Is This the World’s Oldest Computer?

After 12 years of research, archaeologists decipher instructions for the 2,000-year-old Antikythera Mechanism.

An international team of scientists announced this week that they've finally sleuthed out the secrets of the world famous Antikythera Mechanism.

Well, it's world famous in archaeology circles, anyway. Discovered in a shipwreck off the coast of Greece in 1901, the Antikythera Mechanism has fascinated and puzzled scholars for more than a century. The intricate device appears to be a high-tech relic of an ancient age, a clockwork mechanism used to calculate astronomical events and other celestial happenings. Dated to around 150 BCE, it's been termed the world's oldest mechanical computer.

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After more than 10 years of intensive study using cutting-edge computer scanning equipment, the research team presented new findings concerning the famous relic. Scientists have been able to decode about 3,500 characters of explanatory text -- a kind of user's manual -- that were previously indecipherable.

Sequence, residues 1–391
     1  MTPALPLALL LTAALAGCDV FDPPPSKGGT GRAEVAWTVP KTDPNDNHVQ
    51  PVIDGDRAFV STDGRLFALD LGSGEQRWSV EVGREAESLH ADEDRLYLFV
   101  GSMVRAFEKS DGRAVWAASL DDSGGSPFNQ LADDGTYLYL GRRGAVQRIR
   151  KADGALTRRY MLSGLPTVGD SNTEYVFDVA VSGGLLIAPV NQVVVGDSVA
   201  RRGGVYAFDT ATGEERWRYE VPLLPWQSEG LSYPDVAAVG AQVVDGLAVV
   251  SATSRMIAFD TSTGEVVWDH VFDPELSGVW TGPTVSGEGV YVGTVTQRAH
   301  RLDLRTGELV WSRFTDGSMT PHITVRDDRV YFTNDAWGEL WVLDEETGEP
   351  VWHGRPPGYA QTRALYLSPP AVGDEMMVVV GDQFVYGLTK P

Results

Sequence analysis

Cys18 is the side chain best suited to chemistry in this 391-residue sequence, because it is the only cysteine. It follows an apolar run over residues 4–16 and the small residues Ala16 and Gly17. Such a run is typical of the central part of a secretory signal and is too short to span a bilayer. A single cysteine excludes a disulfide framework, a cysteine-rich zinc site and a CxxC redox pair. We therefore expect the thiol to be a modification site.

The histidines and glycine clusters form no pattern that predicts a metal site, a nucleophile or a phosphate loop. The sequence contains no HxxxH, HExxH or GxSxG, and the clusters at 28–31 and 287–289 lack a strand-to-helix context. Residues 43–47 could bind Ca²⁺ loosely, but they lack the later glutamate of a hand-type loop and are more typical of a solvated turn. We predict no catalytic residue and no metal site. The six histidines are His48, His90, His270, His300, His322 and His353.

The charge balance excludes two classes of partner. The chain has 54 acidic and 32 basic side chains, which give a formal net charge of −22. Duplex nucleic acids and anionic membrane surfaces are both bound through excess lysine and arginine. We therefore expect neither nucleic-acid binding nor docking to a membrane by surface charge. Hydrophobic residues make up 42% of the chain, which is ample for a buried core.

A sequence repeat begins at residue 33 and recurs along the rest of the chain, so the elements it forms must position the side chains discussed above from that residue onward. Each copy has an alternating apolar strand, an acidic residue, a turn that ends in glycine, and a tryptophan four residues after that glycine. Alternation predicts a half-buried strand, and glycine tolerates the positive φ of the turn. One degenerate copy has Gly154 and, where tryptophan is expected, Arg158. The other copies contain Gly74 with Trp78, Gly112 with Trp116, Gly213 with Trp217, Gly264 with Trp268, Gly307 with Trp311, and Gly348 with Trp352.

The tiny lettering on the device, as small as 1.2 millimeters, was engraved on inside and outward-facing panels of the device, which was originally encased in a wooden cabinet with dozens of interlocking brass gears. The deciphered language more or less confirms what archaeologists have suspected all along: The Antikythera Mechanism was designed as a clockwork calendar that showed the phases of the moon, the position of the sun and the planets, and even the time of predicted eclipses.

"It was not a research tool, something that an astronomer would use to do computations, or even an astrologer to do prognostications, but something that you would use to teach about the cosmos and our place in the cosmos," researcher Alexander Jones said at the news conference, according to an Associated Press report of the event. "It's like a textbook of astronomy as it was understood then, which connected the movements of the sky and the planets with the lives of the ancient Greeks and their environment."

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This announcement caps 12 years of research in which technicians and scholars used x-ray machines and other scanning technology to analyze the 82 surviving fragments of the original device. Each individual letter in on the corroded plates was reconstructed using dozens of scans from different angles. The research team said they have now deciphered nearly all of text on the fragments, which were originally recovered by free diving sponge fishermen.

As it happens, archaeologists are currently revisiting the site of the original shipwreck -- you can read more about that here. Or check out this fabulous New Yorker piece from a few years back, which provides a nice overview of all things Antikythera.

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